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U.S. cities tally price, work to fix bug

The estimated cost to bring the nation's cities into compliance for the Year 2000 problem will surpass $300 million, according to a study released by the U.S. Conference of Mayors.

The estimated cost to bring the nation's cities into compliance for the Year 2000 technology problem will surpass $300 million, according to a study released by the U.S. Conference of Mayors at its winter meeting yesterday.

The U.S. Conference of Mayors asked 220 cities for information on the potential impact of Year 2000 computer problems on their operations, and on the status of their efforts to address the problems before January 1, 2000. All but three of the cities surveyed have populations of 30,000 or more.

See special report: Date with disaster The study, launched last November, found 97 percent of the cities have a citywide plan to address the Y2K issue, and for three out of four, that plan was developed by in-house staff rather than by consultants or by other agencies.

Asked how many of their computer applications would have to be repaired, 11 percent of the cities reported more than 100, another 11 percent said between 51 and 100, 33 percent said between 11 and 50, and 38 percent of the cities said ten or fewer. One percent reported that no computer applications need repair or replacement.

All of the cities have designated an individual who is responsible for directing and achieving Y2K compliance; in more than half of the cities, that individual is assigned to the information technology or management information systems agency within city government, according to the study.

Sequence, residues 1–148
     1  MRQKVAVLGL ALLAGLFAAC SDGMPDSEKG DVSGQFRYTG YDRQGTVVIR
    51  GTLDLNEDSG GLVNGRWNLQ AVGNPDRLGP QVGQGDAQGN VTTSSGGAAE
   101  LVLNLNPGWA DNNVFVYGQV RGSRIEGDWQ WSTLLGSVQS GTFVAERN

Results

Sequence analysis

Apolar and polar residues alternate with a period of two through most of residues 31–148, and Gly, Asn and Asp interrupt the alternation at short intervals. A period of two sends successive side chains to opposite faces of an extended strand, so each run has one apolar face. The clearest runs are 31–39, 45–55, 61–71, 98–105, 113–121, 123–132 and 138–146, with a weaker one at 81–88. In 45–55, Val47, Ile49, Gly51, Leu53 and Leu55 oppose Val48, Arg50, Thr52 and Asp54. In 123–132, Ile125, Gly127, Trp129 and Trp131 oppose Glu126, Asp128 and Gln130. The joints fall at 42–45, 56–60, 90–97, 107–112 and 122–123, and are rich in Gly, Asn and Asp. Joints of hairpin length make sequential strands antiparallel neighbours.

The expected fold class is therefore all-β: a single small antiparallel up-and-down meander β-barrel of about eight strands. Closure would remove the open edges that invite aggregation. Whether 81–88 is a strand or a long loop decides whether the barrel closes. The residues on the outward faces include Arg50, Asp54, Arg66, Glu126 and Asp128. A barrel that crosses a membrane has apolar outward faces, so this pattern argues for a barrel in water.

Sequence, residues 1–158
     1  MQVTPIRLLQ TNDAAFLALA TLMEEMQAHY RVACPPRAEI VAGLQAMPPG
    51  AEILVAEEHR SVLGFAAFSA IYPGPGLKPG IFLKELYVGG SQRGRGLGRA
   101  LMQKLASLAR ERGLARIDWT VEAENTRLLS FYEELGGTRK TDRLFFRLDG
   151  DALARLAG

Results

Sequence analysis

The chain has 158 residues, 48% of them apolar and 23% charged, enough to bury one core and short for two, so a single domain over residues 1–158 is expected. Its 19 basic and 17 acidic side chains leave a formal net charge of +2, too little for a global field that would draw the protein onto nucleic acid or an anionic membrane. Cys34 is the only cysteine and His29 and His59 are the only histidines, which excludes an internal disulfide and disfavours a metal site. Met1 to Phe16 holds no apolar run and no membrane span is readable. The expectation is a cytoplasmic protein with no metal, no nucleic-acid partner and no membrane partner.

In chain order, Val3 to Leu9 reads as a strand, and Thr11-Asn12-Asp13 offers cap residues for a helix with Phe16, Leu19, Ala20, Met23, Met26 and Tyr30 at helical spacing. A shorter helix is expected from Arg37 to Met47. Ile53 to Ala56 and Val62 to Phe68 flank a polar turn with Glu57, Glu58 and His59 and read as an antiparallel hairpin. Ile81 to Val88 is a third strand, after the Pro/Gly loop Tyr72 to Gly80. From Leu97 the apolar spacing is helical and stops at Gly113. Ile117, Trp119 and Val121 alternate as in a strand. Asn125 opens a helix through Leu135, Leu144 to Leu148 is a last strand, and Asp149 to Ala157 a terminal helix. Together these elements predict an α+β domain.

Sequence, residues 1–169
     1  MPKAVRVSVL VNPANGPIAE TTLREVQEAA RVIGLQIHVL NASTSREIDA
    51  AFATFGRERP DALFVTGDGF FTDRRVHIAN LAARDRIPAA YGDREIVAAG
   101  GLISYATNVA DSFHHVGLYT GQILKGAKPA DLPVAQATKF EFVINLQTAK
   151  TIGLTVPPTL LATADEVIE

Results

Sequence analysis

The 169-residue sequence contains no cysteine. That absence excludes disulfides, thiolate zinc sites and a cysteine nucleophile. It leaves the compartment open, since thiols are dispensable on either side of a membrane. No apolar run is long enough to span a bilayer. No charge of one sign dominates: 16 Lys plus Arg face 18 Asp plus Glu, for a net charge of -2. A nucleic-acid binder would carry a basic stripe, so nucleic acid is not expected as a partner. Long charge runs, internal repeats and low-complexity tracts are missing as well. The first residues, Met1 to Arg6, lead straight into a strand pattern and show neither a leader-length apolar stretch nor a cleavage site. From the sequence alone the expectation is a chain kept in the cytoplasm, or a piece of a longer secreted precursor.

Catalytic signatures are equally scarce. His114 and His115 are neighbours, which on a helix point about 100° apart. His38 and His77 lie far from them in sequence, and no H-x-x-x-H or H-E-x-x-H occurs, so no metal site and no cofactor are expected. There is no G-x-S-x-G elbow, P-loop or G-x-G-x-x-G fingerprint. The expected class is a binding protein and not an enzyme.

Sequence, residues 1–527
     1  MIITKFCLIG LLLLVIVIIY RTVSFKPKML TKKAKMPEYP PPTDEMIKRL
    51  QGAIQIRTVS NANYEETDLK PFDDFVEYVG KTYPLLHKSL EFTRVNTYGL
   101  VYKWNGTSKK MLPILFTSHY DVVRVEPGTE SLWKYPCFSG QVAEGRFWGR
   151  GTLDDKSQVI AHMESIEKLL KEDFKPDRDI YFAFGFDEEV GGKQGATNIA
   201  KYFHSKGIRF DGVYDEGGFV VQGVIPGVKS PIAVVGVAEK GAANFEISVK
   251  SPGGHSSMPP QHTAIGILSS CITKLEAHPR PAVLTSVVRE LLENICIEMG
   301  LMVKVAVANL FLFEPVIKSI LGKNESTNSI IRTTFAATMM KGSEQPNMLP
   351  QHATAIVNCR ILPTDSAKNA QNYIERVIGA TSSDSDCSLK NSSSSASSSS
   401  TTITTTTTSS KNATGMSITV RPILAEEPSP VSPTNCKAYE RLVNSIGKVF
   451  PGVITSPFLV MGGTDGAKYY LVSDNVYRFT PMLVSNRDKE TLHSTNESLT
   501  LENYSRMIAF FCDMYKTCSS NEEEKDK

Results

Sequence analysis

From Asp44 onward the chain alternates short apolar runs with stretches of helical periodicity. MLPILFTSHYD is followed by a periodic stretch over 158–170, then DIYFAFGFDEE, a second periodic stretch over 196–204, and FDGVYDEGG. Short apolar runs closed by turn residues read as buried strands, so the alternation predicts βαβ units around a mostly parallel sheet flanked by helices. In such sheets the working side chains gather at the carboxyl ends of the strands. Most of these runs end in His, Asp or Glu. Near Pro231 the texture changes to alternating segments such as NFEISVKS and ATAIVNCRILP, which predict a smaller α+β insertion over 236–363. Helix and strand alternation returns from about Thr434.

Although the Conference of Mayors didn't survey every city in the nation, it was relatively pleased with the results, Chip Brown, a spokesman for the conference said.

The White House's Y2K czar John Koskinen spoke to the conference on Wednesday, praising efforts by those cities that are making headway against the Y2K glitch.

"We're pleased that they have done the study, and that a good majority of the cities studied have Y2K programs in place," said Koskinen's spokesman Jack Gribben. "However, 220 cities isn't every city in the country."

The cities that participated in the survey said emergency response was identified by 19 percent, or 42, of the cities as the No. 1 priority of the city's Y2K compliance efforts. Emergency response was followed by management information systems, identified by 17 percent of the cities.

Back to Year 2000 Index Page Compliance of the police department was identified by 11 percent of the cities, while utilities were highlighted by another 11 percent; taxation and finance by 10 percent; and water and waste treatment were identified by eight percent of the cities.

The survey also found that more than two-thirds of the cities said they were planning to conduct a citywide Y2K test, while 4 percent said the tests have already been conducted.

However, 19 percent, or 42 cities, said they are not planning to test their systems at all.

Gribben said that the survey was conducted by the same firm that conducted the last Y2K study for National Association of Counties, which surveyed 500 counties representing 46 states and found that only half had a countywide plan to address the Y2K issue.